Testing Mobile Websites with Adobe Shadow

It’s no surprise that mobile development is all the rage these days. With all of the new mobile devices being released nearly every day the ability for developers to deliver mobile solutions is more important than ever. Nearly every developer or company I’ve talked to recently about mobile development in training classes, at conferences, and on consulting projects says that they need to find a solution to get existing websites into the mobile space.

Although there are several different frameworks out there that can be used such as jQuery Mobile, Sencha Touch, jQTouch, and others, how do you test how your site renders on iOS, Android, Blackberry, Windows Phone, and the variety of mobile form factors out there? Although there are different virtual solutions that can be used including Electric Plum for iOS, emulators, browser plugins for resizing the laptop/desktop browser, and more, at some point you need to test on as many physical devices as possible. This can be extremely challenging and quite time consuming though especially when you consider that you have to manually enter URLs into devices and click links on each one to drill-down into sites.

Adobe Labs just released a product called Adobe Shadow (thanks to Kurt Sprinzl for letting me know about it) that significantly simplifies testing sites on physical devices, debugging problems you find, and even making live modifications to HTML and CSS content while viewing a site on the device to see how rendering changes. You can view a page in your laptop/desktop browser and have it automatically pushed to all of your devices without actually touching the device (a huge time saver). See a problem with a device? Locate it using the free Chrome extension, pull up inspection tools (based on the Chrome Developer tools) and make live changes through Chrome that appear on the respective device so that it’s easy to identify how problems can be resolved. I’ve been using Adobe Shadow and am very impressed with the amount of time saved and the different features that it offers. In the rest of the post I’ll walk through how to get it installed, get it started, and use it to view and debug pages.


Getting Adobe Shadow Installed

The following steps can be used to get Adobe Shadow installed:

1. Download and install Adobe Shadow on your laptop/desktop

2. Install the Adobe Shadow extension for Chrome

3. Install the Adobe Shadow app on all of your devices (you can find it in various app stores)

4. Connect your devices to Wifi. Make sure they’re on the same network that your laptop/desktop machine is on


Getting Adobe Shadow Started

Once Adobe Shadow is installed, you’ll need to get it running on your laptop/desktop and on all your mobile devices. The following steps walk through that process:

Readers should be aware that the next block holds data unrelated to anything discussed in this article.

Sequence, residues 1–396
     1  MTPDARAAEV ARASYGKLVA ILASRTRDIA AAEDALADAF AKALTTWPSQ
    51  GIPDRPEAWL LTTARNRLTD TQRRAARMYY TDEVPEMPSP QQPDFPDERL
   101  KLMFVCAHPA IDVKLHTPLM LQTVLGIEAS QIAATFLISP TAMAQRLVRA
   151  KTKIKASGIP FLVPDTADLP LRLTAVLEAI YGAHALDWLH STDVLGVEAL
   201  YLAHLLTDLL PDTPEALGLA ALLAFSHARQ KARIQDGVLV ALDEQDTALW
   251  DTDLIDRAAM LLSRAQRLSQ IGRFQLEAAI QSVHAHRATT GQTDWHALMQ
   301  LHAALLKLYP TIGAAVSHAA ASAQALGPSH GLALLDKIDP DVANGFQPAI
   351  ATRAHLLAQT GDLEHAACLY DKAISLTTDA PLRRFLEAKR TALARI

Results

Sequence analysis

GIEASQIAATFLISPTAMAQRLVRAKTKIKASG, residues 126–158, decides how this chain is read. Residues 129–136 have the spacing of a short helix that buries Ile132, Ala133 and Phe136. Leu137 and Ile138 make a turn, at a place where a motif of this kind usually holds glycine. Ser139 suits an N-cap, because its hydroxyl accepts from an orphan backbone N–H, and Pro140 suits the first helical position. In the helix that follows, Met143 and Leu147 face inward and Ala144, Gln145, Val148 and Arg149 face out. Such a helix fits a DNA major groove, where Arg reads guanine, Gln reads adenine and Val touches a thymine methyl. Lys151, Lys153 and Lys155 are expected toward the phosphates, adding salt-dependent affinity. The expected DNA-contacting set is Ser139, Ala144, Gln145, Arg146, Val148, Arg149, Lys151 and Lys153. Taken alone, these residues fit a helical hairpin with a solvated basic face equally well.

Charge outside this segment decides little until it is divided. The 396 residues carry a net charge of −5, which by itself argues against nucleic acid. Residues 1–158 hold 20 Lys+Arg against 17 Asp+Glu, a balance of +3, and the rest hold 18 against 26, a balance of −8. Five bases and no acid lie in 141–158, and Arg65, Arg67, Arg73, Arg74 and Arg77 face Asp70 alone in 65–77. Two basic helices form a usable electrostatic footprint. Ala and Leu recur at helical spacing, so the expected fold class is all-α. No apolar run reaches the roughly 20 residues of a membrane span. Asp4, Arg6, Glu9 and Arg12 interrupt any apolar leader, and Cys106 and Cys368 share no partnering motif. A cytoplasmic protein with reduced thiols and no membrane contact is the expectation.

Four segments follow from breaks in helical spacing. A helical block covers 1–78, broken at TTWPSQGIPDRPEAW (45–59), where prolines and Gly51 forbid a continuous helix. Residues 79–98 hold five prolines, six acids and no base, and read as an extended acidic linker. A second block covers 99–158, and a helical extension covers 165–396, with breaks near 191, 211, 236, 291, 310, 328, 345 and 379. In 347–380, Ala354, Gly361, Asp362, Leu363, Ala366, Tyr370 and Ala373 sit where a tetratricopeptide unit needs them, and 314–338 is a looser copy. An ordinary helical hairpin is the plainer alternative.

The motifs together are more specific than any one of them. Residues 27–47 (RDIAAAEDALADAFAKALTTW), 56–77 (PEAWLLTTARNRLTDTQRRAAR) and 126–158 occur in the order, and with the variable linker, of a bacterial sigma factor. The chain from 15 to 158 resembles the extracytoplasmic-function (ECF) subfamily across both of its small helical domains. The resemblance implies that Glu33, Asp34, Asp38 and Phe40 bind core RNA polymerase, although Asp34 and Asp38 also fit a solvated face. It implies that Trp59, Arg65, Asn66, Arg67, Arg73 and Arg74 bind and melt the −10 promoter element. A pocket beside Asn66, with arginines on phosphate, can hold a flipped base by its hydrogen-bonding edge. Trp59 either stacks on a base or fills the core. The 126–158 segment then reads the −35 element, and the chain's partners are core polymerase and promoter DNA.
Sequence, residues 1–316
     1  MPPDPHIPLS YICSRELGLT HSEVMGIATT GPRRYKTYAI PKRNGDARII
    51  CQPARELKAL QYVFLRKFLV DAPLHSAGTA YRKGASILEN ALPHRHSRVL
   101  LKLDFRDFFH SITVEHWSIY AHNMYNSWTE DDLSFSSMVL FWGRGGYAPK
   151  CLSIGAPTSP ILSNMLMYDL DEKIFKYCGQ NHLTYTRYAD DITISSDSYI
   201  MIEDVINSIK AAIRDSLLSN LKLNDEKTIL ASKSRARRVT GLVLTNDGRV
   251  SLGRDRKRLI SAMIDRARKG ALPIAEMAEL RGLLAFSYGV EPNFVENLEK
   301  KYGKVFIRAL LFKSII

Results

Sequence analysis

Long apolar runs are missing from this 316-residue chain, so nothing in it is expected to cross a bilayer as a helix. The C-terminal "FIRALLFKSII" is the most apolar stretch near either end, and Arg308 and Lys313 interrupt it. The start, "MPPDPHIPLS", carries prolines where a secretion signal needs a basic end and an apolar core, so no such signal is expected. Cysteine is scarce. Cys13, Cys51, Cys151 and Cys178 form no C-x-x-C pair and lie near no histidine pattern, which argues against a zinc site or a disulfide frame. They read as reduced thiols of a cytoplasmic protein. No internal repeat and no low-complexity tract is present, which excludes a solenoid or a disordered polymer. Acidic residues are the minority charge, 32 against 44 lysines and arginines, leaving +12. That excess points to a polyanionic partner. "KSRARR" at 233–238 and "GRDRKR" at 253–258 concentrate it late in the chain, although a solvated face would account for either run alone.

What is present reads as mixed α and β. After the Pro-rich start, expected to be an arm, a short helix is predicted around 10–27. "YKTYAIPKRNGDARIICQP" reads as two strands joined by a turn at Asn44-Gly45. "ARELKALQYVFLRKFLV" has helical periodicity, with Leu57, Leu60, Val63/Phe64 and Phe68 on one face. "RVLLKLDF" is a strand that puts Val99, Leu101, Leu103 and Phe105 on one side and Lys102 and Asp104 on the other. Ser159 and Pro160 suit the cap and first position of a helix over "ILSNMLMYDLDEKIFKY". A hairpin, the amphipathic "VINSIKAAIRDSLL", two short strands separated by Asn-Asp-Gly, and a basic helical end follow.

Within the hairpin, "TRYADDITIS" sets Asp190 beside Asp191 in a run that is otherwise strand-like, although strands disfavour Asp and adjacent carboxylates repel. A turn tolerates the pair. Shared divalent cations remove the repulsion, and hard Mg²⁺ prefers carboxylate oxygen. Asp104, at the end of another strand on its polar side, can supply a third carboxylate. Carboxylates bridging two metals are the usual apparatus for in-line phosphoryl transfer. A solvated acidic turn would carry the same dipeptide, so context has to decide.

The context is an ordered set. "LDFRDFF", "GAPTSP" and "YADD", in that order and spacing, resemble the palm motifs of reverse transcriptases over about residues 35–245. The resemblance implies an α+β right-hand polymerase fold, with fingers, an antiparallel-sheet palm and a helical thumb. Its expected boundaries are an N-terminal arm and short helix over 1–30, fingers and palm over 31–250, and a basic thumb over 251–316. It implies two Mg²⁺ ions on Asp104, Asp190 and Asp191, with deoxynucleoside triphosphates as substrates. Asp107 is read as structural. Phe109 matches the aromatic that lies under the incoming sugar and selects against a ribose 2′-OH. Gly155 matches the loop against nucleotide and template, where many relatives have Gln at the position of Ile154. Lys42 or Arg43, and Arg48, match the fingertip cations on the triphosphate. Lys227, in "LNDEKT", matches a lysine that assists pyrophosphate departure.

1. Start the Adobe Shadow application on your laptop/desktop

2. Start the Adobe Shadow app on each of your mobile devices

3. Locate the laptop/desktop name in the list that’s shown on each mobile device:


4. Select the laptop/desktop name and a passcode will be shown:


5. Open the Adobe Shadow Chrome extension on the laptop/desktop and enter the passcode for the given device:


Using Adobe Shadow to View and Modify Pages

Once Adobe Shadow is up and running on your laptop/desktop and on all of your mobile devices you can navigate to a page in Chrome on the laptop/desktop and it will automatically be pushed out to all connected mobile devices. If you have 5 mobile devices setup they’ll all navigate to the page displayed in Chrome (pretty awesome!). This makes it super easy to see how a given page looks on your iPad, Android device, etc. without having to touch the device itself. If you find a problem with a page on a device you can select the device in the Chrome Adobe Shadow extension on your laptop/desktop and select the remote inspector icon (it’s the < > icon):


This will pull up the Adobe Shadow remote debugging window which contains the standard Chrome Developer tool tabs such as Elements, Resources, Network, etc. Click on the Elements tab to see the HTML rendered for the target device and then drill into the respective HTML content, CSS styles, etc.


As HTML elements are selected in the Adobe Shadow debugging tool they’ll be highlighted on the device itself just like they would if you were debugging a page directly in Chrome with the developer tools. Here’s an example from my Android device that shows how the page looks on the device as I select different HTML elements on the laptop/desktop:



I’m really impressed with what I’ve to this point from Adobe Shadow. Controlling pages that display on devices directly from my laptop/desktop is a big time saver and the ability to remotely see changes made through the Chrome Developer Tools (on my laptop/desktop) really pushes the tool over the top. If you’re developing mobile applications it’s definitely something to check out. It’s currently free to download and use. For additional details check out the video below:


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